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A U.S. appeals court has reinstated a retaliation lawsuit filed by a former employee assistance program consultant who was terminated for advocating on behalf of a sexual harassment victim.
J. Neil DeMasters, an EAP consultant for Roanoke, Virginia-based Carilion Clinic, was consulted by a Carilion employee who had been referred to the EAP for help because he was being sexual harassed by his manager, according to Monday’s ruling by the 4th U.S. Circuit Court of appeals in Richmond, Virginia in J. Neil DeMasters v. Carilion Clinic et al.
After the harassment was reported, the manager was terminated, but the complaining employee reported he was facing increasing hostility from his coworkers.
Mr. DeMasters’ efforts on the employee’s behalf included communicating the employee’s complaints and offering his opinion that the complaints were not being properly handled, and offering to share ideas about how the situation could be better handled.
In 2010, the harassed employee filed litigation against Carilion. Mr. DeMasters was terminated a few weeks after the lawsuit was settled for an undisclosed amount in 2011. He was told it was because he had not taken “the pro-employer side.”
Mr. DeMasters’ EAP direct supervisor told him Carilion was angry about having to settle the discrimination lawsuit and was looking to “throw somebody under the bus,” according to the ruling.
Mr. DeMasters filed suit against Carillon charging his termination violated Title VII’s anti-retaliation provision. The U.S. District Court in Roanoke dismissed the case on the basis that Mr. DeMasters had not engaged in any individual activity that by itself constituted “protected oppositional conduct,” and that the “manager rule” prevented an employee whose job responsibilities included reporting discrimination claims from seeking protection under the anti-retaliation provisions of Title VII of the Civil Rights Act of 1964.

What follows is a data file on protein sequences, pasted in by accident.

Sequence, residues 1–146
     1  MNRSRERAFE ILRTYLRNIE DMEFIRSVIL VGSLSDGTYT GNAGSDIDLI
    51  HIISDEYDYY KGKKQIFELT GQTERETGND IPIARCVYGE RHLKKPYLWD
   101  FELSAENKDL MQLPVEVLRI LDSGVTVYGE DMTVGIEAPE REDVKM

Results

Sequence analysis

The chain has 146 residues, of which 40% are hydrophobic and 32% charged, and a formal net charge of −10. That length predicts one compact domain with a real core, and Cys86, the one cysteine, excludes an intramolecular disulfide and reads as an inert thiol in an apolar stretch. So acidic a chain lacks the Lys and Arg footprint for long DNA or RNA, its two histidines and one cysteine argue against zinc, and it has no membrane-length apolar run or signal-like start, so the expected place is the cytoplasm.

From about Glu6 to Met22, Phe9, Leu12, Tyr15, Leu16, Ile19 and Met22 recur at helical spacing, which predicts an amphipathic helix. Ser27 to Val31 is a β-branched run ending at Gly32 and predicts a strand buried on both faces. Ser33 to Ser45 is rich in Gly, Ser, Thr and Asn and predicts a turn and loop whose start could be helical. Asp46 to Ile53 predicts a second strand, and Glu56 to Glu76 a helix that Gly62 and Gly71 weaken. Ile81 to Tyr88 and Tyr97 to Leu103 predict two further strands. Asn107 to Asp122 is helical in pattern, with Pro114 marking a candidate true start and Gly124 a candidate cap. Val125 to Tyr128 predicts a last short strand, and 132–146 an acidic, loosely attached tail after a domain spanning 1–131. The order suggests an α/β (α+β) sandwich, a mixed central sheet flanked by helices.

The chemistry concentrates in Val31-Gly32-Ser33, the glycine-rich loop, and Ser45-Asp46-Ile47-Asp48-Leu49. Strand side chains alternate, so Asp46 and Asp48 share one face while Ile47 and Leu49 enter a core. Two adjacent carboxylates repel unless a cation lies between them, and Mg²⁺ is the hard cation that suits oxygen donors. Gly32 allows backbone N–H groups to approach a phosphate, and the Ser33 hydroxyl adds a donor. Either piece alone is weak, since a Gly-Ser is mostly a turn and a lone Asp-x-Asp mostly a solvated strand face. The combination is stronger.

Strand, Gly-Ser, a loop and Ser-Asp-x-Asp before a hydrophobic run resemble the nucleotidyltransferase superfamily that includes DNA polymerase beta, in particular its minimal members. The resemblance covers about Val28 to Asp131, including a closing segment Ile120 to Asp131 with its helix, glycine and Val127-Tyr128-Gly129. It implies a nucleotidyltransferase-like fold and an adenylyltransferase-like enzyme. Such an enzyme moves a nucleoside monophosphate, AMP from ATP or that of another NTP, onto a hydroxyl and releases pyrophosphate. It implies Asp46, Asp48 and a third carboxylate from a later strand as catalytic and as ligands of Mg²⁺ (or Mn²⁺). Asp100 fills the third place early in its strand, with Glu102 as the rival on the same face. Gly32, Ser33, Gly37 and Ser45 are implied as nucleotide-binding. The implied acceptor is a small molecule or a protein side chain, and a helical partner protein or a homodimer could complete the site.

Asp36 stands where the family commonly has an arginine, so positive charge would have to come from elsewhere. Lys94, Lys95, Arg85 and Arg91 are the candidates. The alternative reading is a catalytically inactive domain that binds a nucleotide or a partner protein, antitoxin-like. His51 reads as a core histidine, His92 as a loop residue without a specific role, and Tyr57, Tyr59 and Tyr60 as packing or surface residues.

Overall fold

A three-judge panel unanimously reinstated Mr. DeMasters’ case. “Although individual acts may be scrutinized to ascertain their nature, purpose, and nexus to the alleged objective, the touchstone is whether the plaintiff’s course of conduct as a whole” communicates a belief the employer has engaged in discrimination, said the ruling, which concludes, “We are satisfied that DeMasters has alleged that he engaged in protected oppositional activity.” .
Furthermore the “managers rule” does not apply to Title VII, said the ruling. “Nothing in the language of Title VII indicates that the statutory protection accorded an employee’s oppositional conduct turns on the employee’s job description, or that Congress intended to excise a large category of works from its anti-relation protections,” said the ruling, in remanding the case for further proceedings.
A hospital was justified in firing a nurse who was two minutes late for her shift because she had failed to inform her employer she was taking intermittent Family Medical Leave Act leave, says a federal appeals court in upholding dismissal of an FMLA case.